English grammar has two forms of the verb that we refer to as verbals.
We call them the gerund
and the participle.
is a verbal nounit is derived from the verb, but we use it as a noun. We form a gerund by adding -ing
to the simple form of the verb, or
the root infinitive.
It is similar to the infinitive in meaning. Gerunds
are formed with -ing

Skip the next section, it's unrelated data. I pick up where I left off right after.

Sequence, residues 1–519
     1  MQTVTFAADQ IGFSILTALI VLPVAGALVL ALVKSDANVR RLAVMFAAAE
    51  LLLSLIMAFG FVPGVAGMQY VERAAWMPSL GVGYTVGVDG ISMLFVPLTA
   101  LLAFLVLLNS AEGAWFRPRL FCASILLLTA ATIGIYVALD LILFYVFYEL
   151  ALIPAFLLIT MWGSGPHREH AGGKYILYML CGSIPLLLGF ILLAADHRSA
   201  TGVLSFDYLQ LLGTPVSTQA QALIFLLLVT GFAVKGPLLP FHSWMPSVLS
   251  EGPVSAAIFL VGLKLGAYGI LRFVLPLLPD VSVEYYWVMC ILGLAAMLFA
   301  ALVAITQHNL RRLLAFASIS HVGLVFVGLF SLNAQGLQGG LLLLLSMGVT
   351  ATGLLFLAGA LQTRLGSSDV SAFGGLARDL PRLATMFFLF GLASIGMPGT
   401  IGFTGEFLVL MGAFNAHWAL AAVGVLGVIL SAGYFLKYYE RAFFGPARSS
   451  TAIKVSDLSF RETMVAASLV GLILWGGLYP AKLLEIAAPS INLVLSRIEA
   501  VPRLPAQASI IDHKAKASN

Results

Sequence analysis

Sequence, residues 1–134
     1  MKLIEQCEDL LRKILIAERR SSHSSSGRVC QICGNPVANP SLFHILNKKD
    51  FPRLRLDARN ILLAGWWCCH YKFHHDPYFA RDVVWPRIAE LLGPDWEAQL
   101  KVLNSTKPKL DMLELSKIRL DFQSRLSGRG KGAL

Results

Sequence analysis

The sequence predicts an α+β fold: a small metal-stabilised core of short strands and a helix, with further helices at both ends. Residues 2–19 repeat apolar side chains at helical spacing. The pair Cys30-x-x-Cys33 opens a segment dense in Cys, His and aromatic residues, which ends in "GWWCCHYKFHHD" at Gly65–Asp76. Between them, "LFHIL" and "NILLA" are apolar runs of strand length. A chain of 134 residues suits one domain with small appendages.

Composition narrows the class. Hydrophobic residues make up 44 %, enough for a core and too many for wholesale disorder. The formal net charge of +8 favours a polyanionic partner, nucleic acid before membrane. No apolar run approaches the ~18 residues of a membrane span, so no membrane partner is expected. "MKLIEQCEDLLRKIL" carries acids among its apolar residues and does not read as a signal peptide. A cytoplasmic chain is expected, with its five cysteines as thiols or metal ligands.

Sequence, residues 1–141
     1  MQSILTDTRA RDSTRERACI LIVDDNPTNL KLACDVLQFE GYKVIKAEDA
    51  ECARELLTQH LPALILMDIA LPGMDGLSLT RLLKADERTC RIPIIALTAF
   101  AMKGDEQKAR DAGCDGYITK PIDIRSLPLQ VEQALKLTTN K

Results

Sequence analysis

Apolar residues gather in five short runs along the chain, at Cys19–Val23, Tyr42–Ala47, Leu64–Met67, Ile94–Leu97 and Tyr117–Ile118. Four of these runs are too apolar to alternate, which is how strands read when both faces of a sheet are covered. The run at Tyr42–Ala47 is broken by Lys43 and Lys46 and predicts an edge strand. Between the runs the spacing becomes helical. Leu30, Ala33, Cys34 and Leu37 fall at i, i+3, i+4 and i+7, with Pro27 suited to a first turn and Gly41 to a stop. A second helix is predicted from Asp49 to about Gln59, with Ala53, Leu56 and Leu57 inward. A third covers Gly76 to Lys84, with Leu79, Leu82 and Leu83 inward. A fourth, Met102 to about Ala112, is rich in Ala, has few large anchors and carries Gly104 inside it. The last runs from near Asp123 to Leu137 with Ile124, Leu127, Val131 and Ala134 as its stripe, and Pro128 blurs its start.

are formed with to
The gerund functions similarly to both the noun and the verb. As a noun it may function as: (1)
the subject or complement of a verb:
"Seeing is believing."(2)
the object of a verb: "I admire his singing." (3)
the object of a preposition: "She is good at running." As a verb it may be: (1)
modified by an adverb, or by an adverbial phrase: "He began laughing harmoniously." (2)
when transitive, it may control a noun or pronoun in the objective case: "Playing
golf is great sport." Gerunds are often phrasal: EX. "I hate being seen at her house." EX. "He knew of my having been fired."